In typical Center for American Progress (CAP) partisan  fashion, Daniel Weiss manages to blame oil companies for the price of gasoline, America’s overspending problem, the inefficiency of biofuels, and for not drilling on land the federal government refuses to lease. But don’t let ‘em off so easy, Mr. Weiss, oil and natural gas producers are also responsible for the Iraq war, world hunger, and that time I wrecked my ATV and broke my arm (it was powered by gasoline!). The genesis of Mr. Weiss’s stream of consciousness post is both the Paul Ryan budget, which preserves standard expensing provisions for oil and natural gas producers, and Sen. Menendez’s reintroduction of his humorously titled “Close Big Oil Tax Loopholes Act”.

Grasping at air, Mr. Weiss concludes that the “the Ryan budget compounds the cost of high oil and gasoline prices on the middle class” because the budget appropriately eliminates Solyndra-like government spending on biofuels which, one day, might be able to displace America’s oil consumption. Mr. Weiss misses the joke that reducing government spending mitigates the government’s burden on the middle class. While ATR and Mr. Ryan argue that the government has no business helping companies turn algae into something you can put in your gas tank, no one seriously believes that biofuels will alleviate consumers’ pain at the pump anytime soon.

What would, in fact, “compound the cost of high oil and gasoline prices on the middle class” is exactly what CAP, Obama, and Sen. Menendez are proposing: raising taxes on oil and natural gas producers to the tune of $40 billion. When you tax something you get less of it—“it” in this instance being jobs, economic productivity, and oil. For a more nuanced explanation, I refer readers to an American Petroleum Institute commissioned study.

ATR has written extensively about the gimmicks CAP uses to scapegoat oil and natural gas companies as tax dodgers, a narrative The Wall Street Journal highlights in a recent editorial. From the WSJ:

Here's a staggering fact: The Tax Foundation estimates that, between 1981 and 2008, oil and gas companies sent more dollars to Washington and the state capitols than they earned in profits for shareholders.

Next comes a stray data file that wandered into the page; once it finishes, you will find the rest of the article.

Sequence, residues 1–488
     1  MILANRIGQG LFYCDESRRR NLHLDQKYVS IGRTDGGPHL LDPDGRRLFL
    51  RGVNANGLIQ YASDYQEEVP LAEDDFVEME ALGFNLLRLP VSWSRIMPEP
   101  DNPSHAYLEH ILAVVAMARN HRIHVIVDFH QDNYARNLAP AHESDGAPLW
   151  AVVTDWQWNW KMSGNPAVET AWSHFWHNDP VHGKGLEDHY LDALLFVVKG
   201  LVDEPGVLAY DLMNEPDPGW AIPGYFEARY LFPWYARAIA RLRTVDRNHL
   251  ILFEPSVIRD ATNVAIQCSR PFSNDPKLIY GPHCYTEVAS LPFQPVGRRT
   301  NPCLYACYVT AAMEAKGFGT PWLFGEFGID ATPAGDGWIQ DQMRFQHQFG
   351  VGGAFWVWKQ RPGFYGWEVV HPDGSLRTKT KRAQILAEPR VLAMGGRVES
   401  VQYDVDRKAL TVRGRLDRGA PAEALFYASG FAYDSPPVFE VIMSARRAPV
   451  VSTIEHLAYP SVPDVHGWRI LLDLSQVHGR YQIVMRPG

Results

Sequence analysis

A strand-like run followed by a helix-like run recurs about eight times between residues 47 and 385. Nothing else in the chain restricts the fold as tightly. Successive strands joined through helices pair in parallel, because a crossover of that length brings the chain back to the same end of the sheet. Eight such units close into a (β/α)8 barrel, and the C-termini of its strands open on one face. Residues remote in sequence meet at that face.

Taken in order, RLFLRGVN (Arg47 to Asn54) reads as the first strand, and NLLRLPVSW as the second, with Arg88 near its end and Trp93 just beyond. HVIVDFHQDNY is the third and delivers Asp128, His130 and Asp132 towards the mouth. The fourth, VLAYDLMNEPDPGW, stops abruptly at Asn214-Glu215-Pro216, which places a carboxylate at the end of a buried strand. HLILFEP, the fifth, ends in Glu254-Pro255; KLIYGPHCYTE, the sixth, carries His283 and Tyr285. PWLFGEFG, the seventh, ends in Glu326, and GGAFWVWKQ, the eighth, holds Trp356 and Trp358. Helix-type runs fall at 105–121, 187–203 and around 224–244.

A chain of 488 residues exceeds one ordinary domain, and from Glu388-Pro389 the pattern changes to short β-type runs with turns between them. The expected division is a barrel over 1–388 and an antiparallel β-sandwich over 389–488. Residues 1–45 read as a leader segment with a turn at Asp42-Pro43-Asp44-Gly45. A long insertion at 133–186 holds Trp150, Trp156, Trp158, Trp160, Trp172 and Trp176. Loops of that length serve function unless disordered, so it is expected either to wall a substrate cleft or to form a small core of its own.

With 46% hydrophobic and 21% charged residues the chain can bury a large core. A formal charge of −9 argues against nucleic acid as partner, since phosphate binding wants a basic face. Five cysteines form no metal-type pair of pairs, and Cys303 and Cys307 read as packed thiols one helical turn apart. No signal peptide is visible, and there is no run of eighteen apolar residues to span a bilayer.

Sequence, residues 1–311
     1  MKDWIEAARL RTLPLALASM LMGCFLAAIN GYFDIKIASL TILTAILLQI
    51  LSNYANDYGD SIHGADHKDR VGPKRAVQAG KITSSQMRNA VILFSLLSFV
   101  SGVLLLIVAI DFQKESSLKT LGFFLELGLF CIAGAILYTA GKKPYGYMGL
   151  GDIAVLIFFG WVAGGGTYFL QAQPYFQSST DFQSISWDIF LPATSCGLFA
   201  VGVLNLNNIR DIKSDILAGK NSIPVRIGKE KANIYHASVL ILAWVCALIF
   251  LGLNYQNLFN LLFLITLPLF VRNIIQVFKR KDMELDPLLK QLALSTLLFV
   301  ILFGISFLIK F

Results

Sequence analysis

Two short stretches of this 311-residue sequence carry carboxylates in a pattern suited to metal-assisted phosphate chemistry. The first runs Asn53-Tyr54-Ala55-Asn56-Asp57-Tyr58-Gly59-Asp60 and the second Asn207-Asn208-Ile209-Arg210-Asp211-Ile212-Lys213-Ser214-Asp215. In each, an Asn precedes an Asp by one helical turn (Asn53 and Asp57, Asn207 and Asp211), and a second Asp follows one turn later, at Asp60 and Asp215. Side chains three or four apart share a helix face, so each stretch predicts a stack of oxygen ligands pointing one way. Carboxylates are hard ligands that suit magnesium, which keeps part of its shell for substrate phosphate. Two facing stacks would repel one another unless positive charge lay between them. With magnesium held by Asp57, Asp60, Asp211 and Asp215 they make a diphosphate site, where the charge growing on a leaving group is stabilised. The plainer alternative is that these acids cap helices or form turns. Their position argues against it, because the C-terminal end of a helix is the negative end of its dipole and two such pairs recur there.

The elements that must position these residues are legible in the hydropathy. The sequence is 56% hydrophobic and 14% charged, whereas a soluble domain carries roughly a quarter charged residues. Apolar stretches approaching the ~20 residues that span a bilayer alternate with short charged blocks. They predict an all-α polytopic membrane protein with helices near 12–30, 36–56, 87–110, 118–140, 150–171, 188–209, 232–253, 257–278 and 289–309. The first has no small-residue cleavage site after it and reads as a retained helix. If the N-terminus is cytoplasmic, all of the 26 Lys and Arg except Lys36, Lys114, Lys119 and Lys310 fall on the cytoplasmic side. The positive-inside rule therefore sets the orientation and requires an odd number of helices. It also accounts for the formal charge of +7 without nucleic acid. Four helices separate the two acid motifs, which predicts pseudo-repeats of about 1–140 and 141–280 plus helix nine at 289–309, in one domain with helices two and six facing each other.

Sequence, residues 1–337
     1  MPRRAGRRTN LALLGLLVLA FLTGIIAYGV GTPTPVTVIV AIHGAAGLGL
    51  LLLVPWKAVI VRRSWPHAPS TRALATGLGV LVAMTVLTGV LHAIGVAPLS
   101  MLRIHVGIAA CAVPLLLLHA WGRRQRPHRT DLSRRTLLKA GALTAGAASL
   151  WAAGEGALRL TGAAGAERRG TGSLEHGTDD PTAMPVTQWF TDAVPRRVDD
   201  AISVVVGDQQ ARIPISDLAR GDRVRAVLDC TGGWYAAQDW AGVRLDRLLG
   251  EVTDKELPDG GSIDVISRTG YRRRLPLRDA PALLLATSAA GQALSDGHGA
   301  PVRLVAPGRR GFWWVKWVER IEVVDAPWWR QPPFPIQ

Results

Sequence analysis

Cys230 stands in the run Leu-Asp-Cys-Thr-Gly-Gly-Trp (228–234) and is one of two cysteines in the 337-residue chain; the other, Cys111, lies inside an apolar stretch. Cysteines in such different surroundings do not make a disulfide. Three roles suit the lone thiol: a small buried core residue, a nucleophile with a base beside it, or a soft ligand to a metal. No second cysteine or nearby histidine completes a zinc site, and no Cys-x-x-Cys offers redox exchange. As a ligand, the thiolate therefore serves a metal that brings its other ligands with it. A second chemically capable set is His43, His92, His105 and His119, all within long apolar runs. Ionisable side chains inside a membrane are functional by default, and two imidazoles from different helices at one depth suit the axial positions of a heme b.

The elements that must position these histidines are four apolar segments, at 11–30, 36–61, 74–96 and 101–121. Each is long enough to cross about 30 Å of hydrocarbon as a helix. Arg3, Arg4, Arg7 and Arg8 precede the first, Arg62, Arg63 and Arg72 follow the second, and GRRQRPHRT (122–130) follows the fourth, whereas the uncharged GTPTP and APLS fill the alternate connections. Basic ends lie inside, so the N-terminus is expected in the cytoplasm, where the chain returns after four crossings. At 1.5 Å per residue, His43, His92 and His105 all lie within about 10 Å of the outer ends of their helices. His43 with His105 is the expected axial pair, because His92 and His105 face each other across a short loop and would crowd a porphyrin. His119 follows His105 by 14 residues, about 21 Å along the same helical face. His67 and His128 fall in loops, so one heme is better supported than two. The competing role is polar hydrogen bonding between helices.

Exxon Mobil, the world's largest oil and gas company, says that in the five years prior to 2010 it paid about $59 billion in total U.S. taxes, while it earned . . . $40.5 billion domestically. Another way of putting it is that for every dollar of net U.S. profits between 2006 and 2010, the company incurred $1.45 in taxes. Exxon's 2010 tax bill was three times larger than its domestic profits. The company can stay in business because it operates globally and earned a total net income after tax of $30.5 billion in 2010 on revenues of $370.1 billion.

Crunching Compustat North America numbers, API estimates that the average effective tax rate for oil and gas companies is 41.1% for 2010—i.e., taxes as a share of net income. That is broadly in line with the Energy Information Administration's estimates for "major energy producers." By the same measure, other manufacturers on the S&P Industrial index pay an effective rate of 26.5%.

I’d encourage everyone to read this great piece. But you get the point, oil and natural gas producers pay a lot in taxes. Mr. Weiss also blames oil companies for not creating more jobs, which is silly, since the Obama Administration has made it nearly impossible to do so by delaying or cancelling lease sales and drilling permits. Mr. Weiss is trying to have his cake and eat it too; his endgame is less American oil and natural gas production which consequently leads to, you guessed it, fewer jobs. That’s like blaming oil companies for not building the Keystone pipeline, which Obama killed.

There are a lot of reasons why gasoline is so expensive these days, but the Obama Administration has done little, if anything, to alleviate consumers’ pain at the pump. Conversely, Republicans have rightly proposed increased oil and natural gas production which would create hundreds of thousands of jobs and add billions of barrels of oil to the world marketplace.

More on Paul Ryan budget’s spending and tax proposals.